The Lord’s Work

Will and grace: I do not read the Pitch regularly. However, almost every issue I pick up, there is at least one letter bashing Christians and our belief system.

As a faithful Christian, I admit I’m a sinner and a hypocrite. Christianity isn’t about perfectionism; it is about grace. My past is far from pretty or perfect, but because of the love and grace of God, I am forgiven, not perfected.

I could relate to the gentleman who returned to church after three years but continued to feel anger and has not returned (Letters, September 2). When we focus on people, we miss the boat. People will disappoint us. I was raised in church and took a 180-degree turn away from it for over ten years. When coming back, I had to turn my focus on God, not what everyone else around me was doing. My church went through a terrible ordeal, and many people left, many not to return to any church. People will disappoint and sometimes hurt us, yet God promises never to leave us or forsake us.

I do support the Marriage Amendment, and it is not because I hate homosexuals. I believe God intended marriage to be between a man and a woman. I believe God intended children to have a mother and a father. With divorce being at an all-time high among heterosexual couples, what will happen among homosexual couples? What will happen with our children?

My prayers go out to all of you who “hate” for any reason. I pray my brothers and sisters in Christ will show others the love and grace which has been given to them.

Rhonda Timmons

Independence

Bush League

Swing set: I have some comments regarding C.J. Janovy’s piece regarding President Bush’s recent visit to Lee’s Summit High School (“Stump of Approval,” September 16). I heard not from the Bush-Cheney campaign but on KMBZ 980 that tickets for the event were being given away. Everyone was welcome. No requirement to have a Bush bumper sticker tattooed to your forehead. And Janovy mentioned an “invited audience.” That included her.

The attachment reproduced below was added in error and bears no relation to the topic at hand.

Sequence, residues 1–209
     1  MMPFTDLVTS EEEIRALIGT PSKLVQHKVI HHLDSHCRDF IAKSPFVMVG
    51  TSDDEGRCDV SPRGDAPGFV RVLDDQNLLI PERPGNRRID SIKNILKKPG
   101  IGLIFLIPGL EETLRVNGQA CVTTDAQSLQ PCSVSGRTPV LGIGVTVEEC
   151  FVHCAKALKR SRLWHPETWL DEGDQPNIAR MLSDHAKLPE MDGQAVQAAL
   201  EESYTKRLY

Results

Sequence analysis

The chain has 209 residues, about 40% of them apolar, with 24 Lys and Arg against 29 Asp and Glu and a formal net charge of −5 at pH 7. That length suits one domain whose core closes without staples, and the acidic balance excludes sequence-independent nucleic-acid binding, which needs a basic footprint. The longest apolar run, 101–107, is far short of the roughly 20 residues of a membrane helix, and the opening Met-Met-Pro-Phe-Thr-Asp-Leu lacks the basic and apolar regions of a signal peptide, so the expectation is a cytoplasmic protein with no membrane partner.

She mentioned that 200 “suburbanites” wrote, complaining that their school had been “hijacked” for a Republican pep rally. Did she know that the students at this school were given the opportunity to NOT attend? Telling young people to REGISTER to vote is a bad message? President Bush did not say register to vote AND VOTE FOR ME, did he? No. The sad part to me is that sure, most of the people at the event are supporters, but I would have loved to see the same number of undecided voters at this event. If they could walk away from this feeling like Janovy seems to is very unlikely. President Bush is an honest, genuine man of character and one that you KNOW where he stands, unwavered in his belief.

Invite the Bush-Cheney campaign to a rally in Swope Park — great idea! Seems the swing state Missouri has stopped swinging. One thing stands out to me: Keeping the student and faculty from seeing the president would be more wrong than what happened that sunny beautiful morning in Lee’s Summit.

Jeff Chancey

Kansas City, Missouri

Shop Talk

Body politic: Yo, Pitch, I’m sure you’ve seen me around. I’m a street dancer. Anyway, I jus’ wanna say thanx for that article y’all did awhile back on tha InfoShop (Nadia Pflaum’s “The Anarchists’ Datebook ,” August 5). It truly warmz my heart that y’all took tha tyme ta do that for my friendz. Alzo, thanx for x-posin’ all that Bushit when he came here (C.J. Janovy’s “Stump of Approval,” September 16).